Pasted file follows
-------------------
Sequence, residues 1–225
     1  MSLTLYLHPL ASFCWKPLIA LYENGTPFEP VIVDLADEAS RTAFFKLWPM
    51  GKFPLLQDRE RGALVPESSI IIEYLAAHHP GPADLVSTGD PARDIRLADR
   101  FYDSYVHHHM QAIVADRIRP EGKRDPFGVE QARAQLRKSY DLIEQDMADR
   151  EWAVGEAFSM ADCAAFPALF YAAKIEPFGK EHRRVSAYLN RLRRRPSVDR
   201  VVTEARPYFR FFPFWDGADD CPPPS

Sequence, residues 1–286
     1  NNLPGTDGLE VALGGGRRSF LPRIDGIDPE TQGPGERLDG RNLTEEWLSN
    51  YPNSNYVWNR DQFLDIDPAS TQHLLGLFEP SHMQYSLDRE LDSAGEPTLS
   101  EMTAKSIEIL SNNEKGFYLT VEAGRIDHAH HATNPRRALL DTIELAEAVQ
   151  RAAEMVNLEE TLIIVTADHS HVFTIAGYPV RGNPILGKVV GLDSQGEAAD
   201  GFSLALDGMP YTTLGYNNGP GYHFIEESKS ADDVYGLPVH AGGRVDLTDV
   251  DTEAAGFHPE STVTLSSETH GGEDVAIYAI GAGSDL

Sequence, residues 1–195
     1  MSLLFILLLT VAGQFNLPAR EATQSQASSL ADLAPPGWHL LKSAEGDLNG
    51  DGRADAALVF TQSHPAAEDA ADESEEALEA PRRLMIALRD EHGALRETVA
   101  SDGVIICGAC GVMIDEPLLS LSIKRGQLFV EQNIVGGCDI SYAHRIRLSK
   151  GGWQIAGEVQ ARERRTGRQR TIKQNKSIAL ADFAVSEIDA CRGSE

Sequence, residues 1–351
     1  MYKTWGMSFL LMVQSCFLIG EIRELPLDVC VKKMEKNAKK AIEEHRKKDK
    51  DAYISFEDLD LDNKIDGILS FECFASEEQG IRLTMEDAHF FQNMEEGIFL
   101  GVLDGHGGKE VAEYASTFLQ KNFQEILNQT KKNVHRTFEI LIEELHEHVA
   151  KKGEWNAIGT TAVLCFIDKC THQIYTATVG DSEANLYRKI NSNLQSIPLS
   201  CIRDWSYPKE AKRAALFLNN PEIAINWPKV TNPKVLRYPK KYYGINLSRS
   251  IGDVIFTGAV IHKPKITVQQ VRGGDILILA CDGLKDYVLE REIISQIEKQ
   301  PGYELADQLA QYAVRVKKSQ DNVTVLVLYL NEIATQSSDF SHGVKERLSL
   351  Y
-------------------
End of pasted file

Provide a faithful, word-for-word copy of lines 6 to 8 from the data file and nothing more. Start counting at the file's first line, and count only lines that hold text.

   201  VVTEARPYFR FFPFWDGADD CPPPS

Sequence, residues 1–286
     1  NNLPGTDGLE VALGGGRRSF LPRIDGIDPE TQGPGERLDG RNLTEEWLSN